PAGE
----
I am so grateful for my colleagues who have helped mould me into the midwife I am today. I love learning from them and growing professionally and personally from all our experiences. A huge part of my growth was the birth on my son Oscar in July 2017. He is my biggest teacher. Teaching me empathy, patience, kindness and joy in the little thing- all attributes I can bring to my job!

    I am very humbled by this nomination and thank every family I have walked with for getting me to where I am now

  • Nurse

    South Australia

    Matthew Tyler

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    Matthew Tyler

    Nurse — South Australia

    I’ve been working as a Registered Nurse for nearly 10 years now. Nursing runs in the family – both my Mum & Dad are Registered Nurses (Dad’s now retired), my sister is a Registered Nurse working in Adelaide & my wife is a Registered Nurse AND a midwife (which she loves reminding me – she’s got two degrees to my one).
    I’ve worked in various areas but I tend to be most comfortable in the Emergency setting. I’ve been based in the Port Pirie Regional Health Service’s Emergency Department for the majority of my career and had some amazing experiences working alongside some incredible colleagues. I’ve tried to pick up as many skills and little ways of doing things from the people that I’ve worked with to help develop my approach to Nursing which seems to be working out so far! Some of the people I’ve worked with that have all taught me something incredibly important are of course, my incredible wife Tara Tyler, my ‘Discharge Planning Queen’ mother Barb, my long-suffering boss Andrew Taylor, the most capable, resilient Nurse I’ve ever had the pleasure of working with (and that is understating things a WHOLE bunch) Kim Porcelli, the Resus magnets Mel Fudge and Christie Sargent, Nikki Arbon and her husband Nathan Marwick, Mike Boylan, Emily Rucioch, Erin Milller, Guy Forgan, Kerri Bull, Trudy Hanlon, Demi Freer, Kaitlyn Jebb and a billion more – I’m really sorry if I missed anybody.
    One of my favourite moments in Nursing was receiving a thank you card from a lady that I’d looked after who found herself in a particularly dicey state relatively quickly & who ended up being urgently transferred to another hospital for further care. She very kindly wrote how despite being a little bit worse for wear after recovering, she credited me with remaining alive based on what her husband had told her. She’d been a little… unconscious at the time to remember a great deal.
    I love making people feel as though the health care setting isn’t a sombre and serious experience, even though we have a serious job to do. If people are more relaxed and informed about their whereabouts and their treatment, they’re more inclined to be more involved, retain more about their experience and hopefully leaves them with a positive experience overall.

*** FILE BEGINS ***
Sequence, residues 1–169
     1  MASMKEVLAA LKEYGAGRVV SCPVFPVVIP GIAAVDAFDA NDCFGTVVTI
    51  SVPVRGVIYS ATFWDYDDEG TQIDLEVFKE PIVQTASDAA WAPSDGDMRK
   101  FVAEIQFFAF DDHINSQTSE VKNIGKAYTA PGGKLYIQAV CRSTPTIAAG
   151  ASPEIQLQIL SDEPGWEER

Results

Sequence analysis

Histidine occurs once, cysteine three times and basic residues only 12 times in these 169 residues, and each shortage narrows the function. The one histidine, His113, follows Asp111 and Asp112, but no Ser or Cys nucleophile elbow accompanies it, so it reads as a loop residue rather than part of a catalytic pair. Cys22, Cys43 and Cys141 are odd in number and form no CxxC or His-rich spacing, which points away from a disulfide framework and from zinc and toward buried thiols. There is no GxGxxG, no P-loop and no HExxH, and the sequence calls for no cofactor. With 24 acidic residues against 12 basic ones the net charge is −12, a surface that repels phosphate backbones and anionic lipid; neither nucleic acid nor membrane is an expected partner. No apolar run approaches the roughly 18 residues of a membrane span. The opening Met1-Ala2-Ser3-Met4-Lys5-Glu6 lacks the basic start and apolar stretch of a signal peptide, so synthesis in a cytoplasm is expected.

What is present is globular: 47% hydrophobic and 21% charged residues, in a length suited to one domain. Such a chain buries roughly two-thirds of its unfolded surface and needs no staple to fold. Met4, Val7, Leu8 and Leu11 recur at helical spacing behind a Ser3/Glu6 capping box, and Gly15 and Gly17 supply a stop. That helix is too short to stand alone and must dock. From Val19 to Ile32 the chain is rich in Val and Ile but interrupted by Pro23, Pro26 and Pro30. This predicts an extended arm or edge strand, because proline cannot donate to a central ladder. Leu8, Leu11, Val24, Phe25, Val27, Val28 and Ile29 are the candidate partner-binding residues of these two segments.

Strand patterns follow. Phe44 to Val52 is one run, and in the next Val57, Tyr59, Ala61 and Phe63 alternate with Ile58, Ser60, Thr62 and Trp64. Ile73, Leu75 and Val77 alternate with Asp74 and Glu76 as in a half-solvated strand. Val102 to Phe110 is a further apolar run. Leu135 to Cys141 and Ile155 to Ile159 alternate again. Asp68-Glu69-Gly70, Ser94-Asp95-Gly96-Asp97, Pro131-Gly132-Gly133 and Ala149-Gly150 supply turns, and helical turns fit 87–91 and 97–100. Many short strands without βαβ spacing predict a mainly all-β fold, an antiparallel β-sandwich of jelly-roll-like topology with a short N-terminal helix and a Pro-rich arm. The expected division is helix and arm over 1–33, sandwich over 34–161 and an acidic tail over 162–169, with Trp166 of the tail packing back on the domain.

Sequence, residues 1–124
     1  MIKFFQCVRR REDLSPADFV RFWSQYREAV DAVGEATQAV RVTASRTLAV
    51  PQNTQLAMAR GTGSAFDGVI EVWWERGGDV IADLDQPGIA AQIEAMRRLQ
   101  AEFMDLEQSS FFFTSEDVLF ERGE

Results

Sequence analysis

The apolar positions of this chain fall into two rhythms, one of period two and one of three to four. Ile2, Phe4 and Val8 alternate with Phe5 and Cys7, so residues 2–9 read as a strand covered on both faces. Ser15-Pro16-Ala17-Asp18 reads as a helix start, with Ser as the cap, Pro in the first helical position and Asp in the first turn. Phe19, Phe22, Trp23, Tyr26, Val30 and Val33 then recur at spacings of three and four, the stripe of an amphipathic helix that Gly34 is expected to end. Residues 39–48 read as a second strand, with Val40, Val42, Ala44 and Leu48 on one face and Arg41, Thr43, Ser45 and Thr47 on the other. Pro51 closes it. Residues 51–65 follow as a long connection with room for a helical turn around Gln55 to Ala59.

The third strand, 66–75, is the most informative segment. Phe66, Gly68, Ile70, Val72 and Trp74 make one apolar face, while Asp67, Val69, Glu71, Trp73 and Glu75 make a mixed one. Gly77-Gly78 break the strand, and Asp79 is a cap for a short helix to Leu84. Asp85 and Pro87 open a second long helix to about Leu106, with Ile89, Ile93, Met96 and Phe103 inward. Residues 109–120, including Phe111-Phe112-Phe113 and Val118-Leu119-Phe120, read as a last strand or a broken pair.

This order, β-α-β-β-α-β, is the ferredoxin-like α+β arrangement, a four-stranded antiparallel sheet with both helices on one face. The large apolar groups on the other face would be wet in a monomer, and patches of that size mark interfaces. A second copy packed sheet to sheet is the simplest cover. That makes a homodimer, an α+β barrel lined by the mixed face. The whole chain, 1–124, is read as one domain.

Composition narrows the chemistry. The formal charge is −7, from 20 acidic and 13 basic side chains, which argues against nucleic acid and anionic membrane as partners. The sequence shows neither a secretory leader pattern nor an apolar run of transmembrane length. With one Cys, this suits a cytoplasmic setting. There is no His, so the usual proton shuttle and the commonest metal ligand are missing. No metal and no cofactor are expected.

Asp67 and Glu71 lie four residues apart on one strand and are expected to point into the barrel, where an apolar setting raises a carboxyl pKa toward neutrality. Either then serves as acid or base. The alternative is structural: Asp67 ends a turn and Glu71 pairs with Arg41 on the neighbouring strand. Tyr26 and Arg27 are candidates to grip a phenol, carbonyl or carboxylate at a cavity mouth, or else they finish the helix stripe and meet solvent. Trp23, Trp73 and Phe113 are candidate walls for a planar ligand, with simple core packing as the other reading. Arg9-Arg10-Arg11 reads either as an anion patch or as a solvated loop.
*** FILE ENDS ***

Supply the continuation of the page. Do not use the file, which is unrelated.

Nobody likes coming to hospital, it’s one of the only places I can think of where you can honestly say ‘I don’t want to see you again in here’ and it’s a COMPLIMENT. However, if you can take what might be a tense, scary experience – say for a child or someone in a life or death situation – and turn it into a positive experience (maybe even have them leaving with a smile on their face!) then it makes the job so incredibly rewarding.
    In the future I’d love to work towards slotting into a role where I can help improve student placements in the hospital setting. I think we can do a lot to improve our current processes with Nursing students so we can develop better ways to teach and be taught by them in return!

  • Midwife

    South Australia

    Fiona Dillon

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    Fiona Dillon

    Midwife — South Australia

    I became a midwife in 2004 after studying at Flinders University. In 2013 I had my first baby Olive and then 2014 we had our son Owen he was stillborn at 32 weeks. It quickly became apparent that grief for my son was not the only grief I would face. I grieved too for my beloved midwifery career. I didn’t know that I’d ever be able to return to it or if there would even be a place for me, now forever changed.

    Despite the anxiety I wanted to try so in 2016 I nervously returned to work to the hospital Owen was born in. My first shift I was allocated to care for a woman in the same room he was born in ... Once in that room with my midwife hat on the significance of returning arrived and with it came an enormous wave of grief and then gratitude for Owen. Without a doubt I am changed irrevocably, nothing will change the death of Owen or our grief but the gifts that have come from his existence continue. Acceptance that I am a different partner, friend, daughter, sister, mother, and midwife has been a part of this grief journey.

    Every day I honour Owen through my work as a midwife : education and advocacy about fetal movements are so important to me, educating the next generation of midwives about fetal movements and sensitive care and persistently seeking to improve the care we provide bereaved families within our hospital system is something I will not give up on.

    2020 has seen me commence studies in health research, I aspire to contribute to clinical practice through research that improves care for women and babies. I also work part time clinically and part time teaching Midwifery at Flinders university. Together with my husband Tim we have 4 delightful children at home who we give thanks for every day.